The novel finding of the present study is that water drinking profoundly enhances the pressor response to the ephedra alkaloids phenylpropanolamine and pseudoephedrine in subjects with impaired baroreflex function. Systolic blood pressure increased on average 82 mm Hg when phenylpropanolamine was taken with water and 52 mm Hg when 30 mg of pseudoephedrine was taken with water (range 37 to 88 mm Hg). To the best of our knowledge, an acute interaction of similar magnitude has not been reported for any other cardiovascular drug and a component of the regular diet.
The interaction between ephedra alkaloids and water drinking may be explained by the fact that water itself can raise blood pressure. We observed recently that drinking 480 mL of water increases systolic blood pressure more than 30 mm Hg in patients with severe autonomic failure.4 Water drinking also increases blood pressure moderately in otherwise healthy older subjects but very little in younger subjects.4 The pressor response appears to be mediated by the sympathetic nervous system, because water drinking increases muscle sympathetic nerve traffic5 and venous plasma norepinephrine concentrations in healthy subjects.4–6 Moreover, ganglionic blockade with trimethaphan abolishes the water pressor response.4 The present study demonstrates that combination of the sympathetic response elicited by water drinking and the adrenergic stimulus provided by ephedra alkaloids elicits an additive, and perhaps synergistic, effect on blood pressure.
We studied the interaction between ephedra alkaloids and water drinking in a population with greatly impaired baroreflex function, which made them hypersensitive to vasoactive medications. Denervation hypersensitivity can also contribute to enhanced pressor response to adrenoreceptor agonists in these patients. It is likely that these responses are masked in healthy subjects with intact baroreflex function. However, baroreflex function varies substantially even in the general population.3,7 The variability in baroreflex function is explained by genetic factors; age; medical conditions such as obesity, hypertension, diabetes, and heart failure; and other variables. Moreover, the doses of ephedra alkaloids that are used for various indications substantially exceed the doses applied in the present study. For instance, we used 30 mg of pseudoephedrine in the present study, the lowest dose found in over-the-counter nasal decongestants, and doses up to 240 mg are available as slow-release preparations. It is possible, therefore, that water drinking may also increase the response to ephedra alkaloids in otherwise healthy subjects with low normal baroreflex function and more so in patients with impaired baroreflex function.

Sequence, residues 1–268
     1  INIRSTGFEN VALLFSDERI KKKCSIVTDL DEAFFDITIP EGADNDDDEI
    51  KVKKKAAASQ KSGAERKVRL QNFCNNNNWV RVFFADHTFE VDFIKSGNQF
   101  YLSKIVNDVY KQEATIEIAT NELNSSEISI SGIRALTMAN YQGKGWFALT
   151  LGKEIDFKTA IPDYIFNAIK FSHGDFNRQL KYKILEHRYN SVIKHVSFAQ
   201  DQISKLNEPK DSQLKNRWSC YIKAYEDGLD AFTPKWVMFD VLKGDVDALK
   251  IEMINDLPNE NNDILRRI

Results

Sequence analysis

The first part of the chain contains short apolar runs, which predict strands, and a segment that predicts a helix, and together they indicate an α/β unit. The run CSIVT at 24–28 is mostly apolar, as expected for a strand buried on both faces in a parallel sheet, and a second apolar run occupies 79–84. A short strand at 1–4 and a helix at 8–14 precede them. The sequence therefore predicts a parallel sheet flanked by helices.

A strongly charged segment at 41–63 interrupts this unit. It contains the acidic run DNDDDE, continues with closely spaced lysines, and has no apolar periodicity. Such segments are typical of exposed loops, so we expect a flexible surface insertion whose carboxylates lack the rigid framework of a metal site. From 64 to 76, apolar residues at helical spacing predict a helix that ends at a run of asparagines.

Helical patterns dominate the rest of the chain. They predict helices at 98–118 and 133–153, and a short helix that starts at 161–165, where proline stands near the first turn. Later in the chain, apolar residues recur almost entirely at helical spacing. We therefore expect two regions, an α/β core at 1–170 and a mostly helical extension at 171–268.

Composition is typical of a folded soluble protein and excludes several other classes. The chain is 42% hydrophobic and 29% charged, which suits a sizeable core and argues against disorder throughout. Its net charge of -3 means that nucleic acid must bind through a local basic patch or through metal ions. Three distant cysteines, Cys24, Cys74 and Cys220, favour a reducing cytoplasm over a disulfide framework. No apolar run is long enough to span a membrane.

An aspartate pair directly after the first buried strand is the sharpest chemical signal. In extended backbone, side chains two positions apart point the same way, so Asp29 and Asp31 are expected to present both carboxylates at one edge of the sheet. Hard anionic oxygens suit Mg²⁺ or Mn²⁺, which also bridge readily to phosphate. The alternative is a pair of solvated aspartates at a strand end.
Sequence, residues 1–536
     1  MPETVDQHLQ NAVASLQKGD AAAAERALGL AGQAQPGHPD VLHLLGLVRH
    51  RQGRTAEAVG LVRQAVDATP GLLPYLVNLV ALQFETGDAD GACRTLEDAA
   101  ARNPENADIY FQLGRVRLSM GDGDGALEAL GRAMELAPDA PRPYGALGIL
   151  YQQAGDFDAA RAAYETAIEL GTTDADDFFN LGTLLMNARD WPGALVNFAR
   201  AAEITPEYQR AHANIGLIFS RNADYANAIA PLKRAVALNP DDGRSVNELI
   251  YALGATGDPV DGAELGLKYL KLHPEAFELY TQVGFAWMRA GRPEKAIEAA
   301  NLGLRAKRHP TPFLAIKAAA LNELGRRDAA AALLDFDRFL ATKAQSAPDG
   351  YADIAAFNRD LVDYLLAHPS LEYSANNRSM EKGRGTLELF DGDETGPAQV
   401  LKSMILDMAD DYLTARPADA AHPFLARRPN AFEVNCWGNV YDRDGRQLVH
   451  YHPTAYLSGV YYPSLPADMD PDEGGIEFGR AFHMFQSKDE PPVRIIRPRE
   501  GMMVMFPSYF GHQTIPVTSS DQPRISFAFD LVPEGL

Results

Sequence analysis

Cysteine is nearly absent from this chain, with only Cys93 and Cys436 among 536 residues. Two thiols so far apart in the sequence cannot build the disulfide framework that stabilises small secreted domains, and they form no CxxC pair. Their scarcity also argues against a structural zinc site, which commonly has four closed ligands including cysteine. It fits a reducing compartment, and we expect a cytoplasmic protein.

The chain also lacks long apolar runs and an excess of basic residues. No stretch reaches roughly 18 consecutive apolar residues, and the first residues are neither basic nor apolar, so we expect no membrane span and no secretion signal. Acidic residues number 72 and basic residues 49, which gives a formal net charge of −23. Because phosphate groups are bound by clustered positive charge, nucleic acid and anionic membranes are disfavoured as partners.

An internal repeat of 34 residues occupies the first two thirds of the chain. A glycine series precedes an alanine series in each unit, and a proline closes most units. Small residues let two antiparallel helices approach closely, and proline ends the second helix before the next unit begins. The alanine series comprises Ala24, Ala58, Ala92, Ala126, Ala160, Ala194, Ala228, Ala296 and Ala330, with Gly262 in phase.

Our findings may have important clinical implications. If used cautiously, we can exploit this interaction to our advantage in the treatment of patients with orthostatic hypotension. Conversely, inadvertent ingestion of pressor agents and water may cause potentially dangerous pressure surges in subjects with impaired baroreflex function and in patients with autonomic failure (eg, diabetic neuropathy). Future studies would need to assess whether this interaction contributes to the cardiovascular risks associated with these drugs in the general population.
This study was supported in part by National Institutes of Health grants 1RO1 HL67232, 1PO1 HL56693, and RR00095. Dr Jordan is supported by the Deutsche Forschungsgemeinschaft and receives a Helmholtz scholarship from the Max-Delbrueck-Centrum (MDC). The authors would like to thank the nurses and personnel of Vanderbilt’s General Clinical Research Center for their invaluable help in the evaluation of these patients.
Jordan J, Tank J, Shannon JR, et al. Baroreflex buffering and susceptibility to vasoactive drugs. Circulation. 2002; 105: 1459–1464.
Jordan J, Shannon JR, Black BK, et al. The pressor response to water drinking in humans: a sympathetic reflex? Circulation. 2000; 101: 504–509.
Tank J, Jordan J, Diedrich A, et al. Genetic influences on baroreflex function in normal twins. Hypertension. 2001; 37: 907–910.